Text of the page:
Anasazi Tower(About this image)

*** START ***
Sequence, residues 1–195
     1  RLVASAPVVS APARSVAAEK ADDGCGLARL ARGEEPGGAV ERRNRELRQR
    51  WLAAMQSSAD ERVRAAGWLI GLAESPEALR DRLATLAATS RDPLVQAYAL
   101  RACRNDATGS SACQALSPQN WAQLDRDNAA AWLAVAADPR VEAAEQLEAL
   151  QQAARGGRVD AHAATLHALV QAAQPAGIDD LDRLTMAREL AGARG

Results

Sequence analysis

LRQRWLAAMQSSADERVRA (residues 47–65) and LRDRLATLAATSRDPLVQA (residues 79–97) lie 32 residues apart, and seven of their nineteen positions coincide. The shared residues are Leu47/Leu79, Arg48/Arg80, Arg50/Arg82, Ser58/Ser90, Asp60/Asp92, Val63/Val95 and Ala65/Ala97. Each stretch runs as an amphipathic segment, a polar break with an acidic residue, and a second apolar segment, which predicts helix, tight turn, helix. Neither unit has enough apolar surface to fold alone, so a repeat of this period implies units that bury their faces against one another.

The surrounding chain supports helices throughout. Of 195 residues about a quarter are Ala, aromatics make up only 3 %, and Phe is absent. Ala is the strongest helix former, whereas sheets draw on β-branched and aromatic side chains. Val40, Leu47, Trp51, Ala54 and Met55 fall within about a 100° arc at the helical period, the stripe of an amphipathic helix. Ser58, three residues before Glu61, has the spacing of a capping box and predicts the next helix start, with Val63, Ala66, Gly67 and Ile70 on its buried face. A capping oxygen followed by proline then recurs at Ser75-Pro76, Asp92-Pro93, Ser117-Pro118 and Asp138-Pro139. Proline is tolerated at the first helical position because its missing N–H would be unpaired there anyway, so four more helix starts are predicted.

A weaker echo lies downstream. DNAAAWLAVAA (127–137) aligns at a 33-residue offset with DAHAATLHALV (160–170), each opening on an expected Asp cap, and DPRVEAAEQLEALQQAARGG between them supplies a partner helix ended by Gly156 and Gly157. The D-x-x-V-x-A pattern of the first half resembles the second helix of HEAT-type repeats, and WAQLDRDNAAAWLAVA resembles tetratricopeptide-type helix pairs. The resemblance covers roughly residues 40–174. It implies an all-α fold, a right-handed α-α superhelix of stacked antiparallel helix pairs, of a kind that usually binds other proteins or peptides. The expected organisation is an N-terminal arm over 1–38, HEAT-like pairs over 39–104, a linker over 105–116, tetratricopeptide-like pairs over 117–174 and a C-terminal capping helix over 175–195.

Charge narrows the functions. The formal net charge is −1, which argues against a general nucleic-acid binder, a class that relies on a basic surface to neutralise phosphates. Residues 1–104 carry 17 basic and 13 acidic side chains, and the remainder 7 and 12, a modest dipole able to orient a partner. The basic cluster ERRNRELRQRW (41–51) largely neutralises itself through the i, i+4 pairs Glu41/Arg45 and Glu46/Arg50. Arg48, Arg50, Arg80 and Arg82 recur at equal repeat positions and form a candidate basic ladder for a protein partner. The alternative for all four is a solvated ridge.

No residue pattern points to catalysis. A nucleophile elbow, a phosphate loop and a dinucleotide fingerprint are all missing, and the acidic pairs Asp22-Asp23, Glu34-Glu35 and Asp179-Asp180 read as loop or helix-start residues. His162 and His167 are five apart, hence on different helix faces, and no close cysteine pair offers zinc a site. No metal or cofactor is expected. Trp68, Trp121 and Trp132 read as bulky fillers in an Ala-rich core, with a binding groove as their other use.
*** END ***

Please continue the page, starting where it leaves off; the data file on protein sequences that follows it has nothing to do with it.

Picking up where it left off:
There’s a lot of truth to the advice, it’s not the camera that takes great pictures but the user behind it. While this might be a philosophy to stand by, tools suited to the job can go a long way. These quick pointers are written with the outdoor photographer in mind. First up well look at landscape and panoramic photography. Unless your willing to spend a lot of money for a one or two shot panoramic head (http://www.kaidan.com) you’ll be doing a lot of photo stitching in a program like REALVIZ (http://www.realviz.com) or PTGui (http://www.ptgui.com). Thats where a wide angle lens comes in. With a 28mm lens you’ll be taking more images and spending more time correcting those images in Photoshop – but the quality of the final picture will be sharper with less distortion or correction by using the stitching software. With a 17mm lens you’ll take less pictures which might save you time and effort but the final results will be be distorted using the stitching software. This is not so much an issue if your presenting only on the web but might be noticeable when it goes to print. Anyone who has tried to do a cubic panorama by hand will tell you the fewer the frames the better; ultimately it comes down to how much time your willing to invest. The other two main categories for outdoor/nature photographers are wildlife and macro scenes. The best way to capture breathtaking wildlife images are a). Have the stalking instincts of a lion or b). use a lens with large focal length. All this equipment can be quite cumbersome to carry on an extended hiking trips so I’d suggest finding a comfortable medium like a 28 – 300mm lens. For us this covers most scenarios we encounter and leaves us more space for those backcountry essentials.